Sunday, December 19, 2010

"Don't Ask Don't Tell" finally hits the trash bin

While I intend this blog to be about how Luiz and I are thriving in Brazil, there are a few occasions wherein I stray from that focus.  Usually it has something to do with US politics, and more specifically, US politics as it affects our lives as gay men.

So I’m sure you’ve heard: the Congress has repealed the punishing and hypocritical “Don’t Ask, Don’t Tell” law that our last disappointing Democratic president put into place.  (Nobody disappoints like an ally.)

Credit where it is due: President Obama has made good on a promise and has done so in a politically solid way.  He has beaten the Republicans at their own game – although I’m sure Senator McCain is not finished with his temper tantrums.

But can I work up a lather about allowing LGB people (note: trans folk are not included in this ‘victory’) to serve as pawns for the political elites who would send our armed forces to invade and/or destroy (and die, don’t forget) for invariably political purposes?  Not so much…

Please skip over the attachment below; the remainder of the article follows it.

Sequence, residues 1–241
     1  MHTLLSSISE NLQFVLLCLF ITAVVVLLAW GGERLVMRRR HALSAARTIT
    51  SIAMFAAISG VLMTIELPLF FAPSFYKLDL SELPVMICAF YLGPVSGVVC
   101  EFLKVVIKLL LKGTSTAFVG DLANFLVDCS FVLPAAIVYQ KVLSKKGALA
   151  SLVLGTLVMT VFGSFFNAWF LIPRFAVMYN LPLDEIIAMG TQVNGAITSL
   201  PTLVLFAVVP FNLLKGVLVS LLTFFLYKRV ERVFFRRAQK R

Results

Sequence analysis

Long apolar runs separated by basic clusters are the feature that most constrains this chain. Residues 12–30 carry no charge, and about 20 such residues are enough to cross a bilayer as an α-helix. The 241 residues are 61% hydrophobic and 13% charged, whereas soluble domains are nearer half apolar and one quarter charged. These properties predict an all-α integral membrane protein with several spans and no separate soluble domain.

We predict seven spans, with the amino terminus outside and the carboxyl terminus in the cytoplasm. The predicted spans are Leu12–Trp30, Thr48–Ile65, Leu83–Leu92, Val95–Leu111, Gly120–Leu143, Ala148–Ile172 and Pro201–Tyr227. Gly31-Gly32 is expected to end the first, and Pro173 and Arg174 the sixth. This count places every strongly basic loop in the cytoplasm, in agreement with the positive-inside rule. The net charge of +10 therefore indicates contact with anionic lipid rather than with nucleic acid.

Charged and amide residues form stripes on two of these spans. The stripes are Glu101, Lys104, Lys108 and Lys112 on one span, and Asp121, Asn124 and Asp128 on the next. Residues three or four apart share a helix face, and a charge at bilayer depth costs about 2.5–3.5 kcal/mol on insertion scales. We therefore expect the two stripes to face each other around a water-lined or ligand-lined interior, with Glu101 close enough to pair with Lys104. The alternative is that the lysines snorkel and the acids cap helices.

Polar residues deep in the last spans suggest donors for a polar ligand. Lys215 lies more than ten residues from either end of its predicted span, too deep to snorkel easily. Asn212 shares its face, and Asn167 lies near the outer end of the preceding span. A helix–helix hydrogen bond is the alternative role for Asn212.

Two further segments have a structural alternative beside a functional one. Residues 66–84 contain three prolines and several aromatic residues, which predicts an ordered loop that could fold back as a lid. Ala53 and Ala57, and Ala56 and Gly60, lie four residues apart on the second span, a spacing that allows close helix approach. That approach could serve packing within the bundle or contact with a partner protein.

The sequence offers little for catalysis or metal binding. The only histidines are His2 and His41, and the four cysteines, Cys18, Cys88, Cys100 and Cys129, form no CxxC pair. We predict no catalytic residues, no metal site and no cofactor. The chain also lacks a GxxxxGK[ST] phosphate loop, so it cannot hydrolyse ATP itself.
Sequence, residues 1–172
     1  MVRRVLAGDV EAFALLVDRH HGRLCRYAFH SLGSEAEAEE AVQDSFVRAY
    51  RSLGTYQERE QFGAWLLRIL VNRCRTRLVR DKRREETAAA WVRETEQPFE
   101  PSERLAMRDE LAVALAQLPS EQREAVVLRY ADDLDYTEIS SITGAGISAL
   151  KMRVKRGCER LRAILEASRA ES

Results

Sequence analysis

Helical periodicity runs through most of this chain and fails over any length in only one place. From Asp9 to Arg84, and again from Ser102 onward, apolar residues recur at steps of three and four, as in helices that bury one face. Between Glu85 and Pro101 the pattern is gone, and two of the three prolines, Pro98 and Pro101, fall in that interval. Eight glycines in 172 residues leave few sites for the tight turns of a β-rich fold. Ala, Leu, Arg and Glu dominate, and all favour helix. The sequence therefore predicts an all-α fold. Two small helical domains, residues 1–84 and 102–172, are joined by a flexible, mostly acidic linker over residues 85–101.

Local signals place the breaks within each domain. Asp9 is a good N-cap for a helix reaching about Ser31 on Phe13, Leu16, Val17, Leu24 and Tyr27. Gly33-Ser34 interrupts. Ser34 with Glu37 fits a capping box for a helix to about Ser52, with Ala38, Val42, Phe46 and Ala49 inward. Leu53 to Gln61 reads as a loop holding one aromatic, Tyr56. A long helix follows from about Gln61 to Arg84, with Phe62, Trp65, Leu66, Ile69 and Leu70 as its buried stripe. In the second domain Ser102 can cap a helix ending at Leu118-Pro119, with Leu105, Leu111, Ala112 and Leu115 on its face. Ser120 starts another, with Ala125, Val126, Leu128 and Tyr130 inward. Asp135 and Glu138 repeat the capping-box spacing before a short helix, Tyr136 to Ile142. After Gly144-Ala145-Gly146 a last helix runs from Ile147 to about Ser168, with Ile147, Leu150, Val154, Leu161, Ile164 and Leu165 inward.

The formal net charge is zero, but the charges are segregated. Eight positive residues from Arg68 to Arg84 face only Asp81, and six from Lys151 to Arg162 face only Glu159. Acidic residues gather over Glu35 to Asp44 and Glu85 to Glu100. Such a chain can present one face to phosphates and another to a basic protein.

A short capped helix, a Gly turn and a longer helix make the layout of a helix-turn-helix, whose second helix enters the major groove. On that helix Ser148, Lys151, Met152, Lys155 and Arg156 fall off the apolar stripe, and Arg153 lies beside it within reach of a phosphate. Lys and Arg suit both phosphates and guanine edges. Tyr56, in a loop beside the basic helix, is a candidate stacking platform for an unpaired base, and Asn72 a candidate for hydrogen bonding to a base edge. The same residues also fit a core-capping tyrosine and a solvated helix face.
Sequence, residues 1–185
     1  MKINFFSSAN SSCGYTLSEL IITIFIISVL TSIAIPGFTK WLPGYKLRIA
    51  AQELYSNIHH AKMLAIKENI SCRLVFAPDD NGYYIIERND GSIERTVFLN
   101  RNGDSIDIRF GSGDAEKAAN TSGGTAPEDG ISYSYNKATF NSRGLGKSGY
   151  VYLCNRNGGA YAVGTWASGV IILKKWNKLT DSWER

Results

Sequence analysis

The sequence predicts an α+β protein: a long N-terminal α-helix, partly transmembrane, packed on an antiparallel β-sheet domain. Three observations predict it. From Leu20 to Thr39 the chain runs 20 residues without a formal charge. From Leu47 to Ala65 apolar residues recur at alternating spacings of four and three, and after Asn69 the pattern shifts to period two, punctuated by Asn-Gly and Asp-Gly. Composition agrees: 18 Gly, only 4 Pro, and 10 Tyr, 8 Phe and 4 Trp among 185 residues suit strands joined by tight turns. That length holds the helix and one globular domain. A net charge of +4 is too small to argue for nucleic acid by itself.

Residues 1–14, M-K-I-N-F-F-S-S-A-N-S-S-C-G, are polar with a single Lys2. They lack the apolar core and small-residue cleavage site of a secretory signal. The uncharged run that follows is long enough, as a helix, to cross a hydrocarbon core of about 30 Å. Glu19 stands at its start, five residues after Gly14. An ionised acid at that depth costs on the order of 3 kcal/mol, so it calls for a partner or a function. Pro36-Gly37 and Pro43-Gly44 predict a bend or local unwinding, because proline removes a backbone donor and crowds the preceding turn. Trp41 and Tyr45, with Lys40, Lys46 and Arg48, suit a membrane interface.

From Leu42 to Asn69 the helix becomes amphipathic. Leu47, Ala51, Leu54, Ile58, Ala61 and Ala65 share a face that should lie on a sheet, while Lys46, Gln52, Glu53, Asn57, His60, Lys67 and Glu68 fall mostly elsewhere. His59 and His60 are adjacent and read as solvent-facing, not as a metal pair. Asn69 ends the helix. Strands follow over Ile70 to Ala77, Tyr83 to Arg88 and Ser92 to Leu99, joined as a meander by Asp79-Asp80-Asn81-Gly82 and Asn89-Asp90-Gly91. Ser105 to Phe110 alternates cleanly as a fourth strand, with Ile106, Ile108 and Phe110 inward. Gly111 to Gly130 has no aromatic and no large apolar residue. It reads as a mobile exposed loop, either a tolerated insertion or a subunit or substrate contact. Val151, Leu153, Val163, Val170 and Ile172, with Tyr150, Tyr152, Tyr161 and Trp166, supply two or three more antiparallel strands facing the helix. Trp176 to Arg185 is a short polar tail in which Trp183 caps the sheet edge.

I have been walking an anti-war walk since I first understood what that meant.  Fighting to let ‘gays’ serve in the military has never been a top priority for me.

But then – the US military is the LARGEST employer in the United States.  Ending employment discrimination IS a top priority for me.  And for this reason I am glad that the military ban against LGB people has been lifted.

Lots of people have lots of reasons why joining the military makes sense for them.  I will not stand in opposition to all that.  I do, however, look forever with a critical eye on what and why the military is doing what it is doing – and who is telling them to do it.

But today is a day of victory for equal rights in the workplace.  I’ll take it.

1 comment:

Gil and Ray said...


I agree with you, I never looked at serving in the military as a primary target for the progress of civil rights...
However, as I read more and more in recent weeks, it is becoming clear that this is a very strategic move once every other country that has full equal rights to gays started by allowing gays in their militaries.
See, now it's a domino effect with every soldier claiming equal rights with their counter parts for survivor benefits, rights for visiting at Veterans Hospitals etc...
This is actually much bigger than it looks :)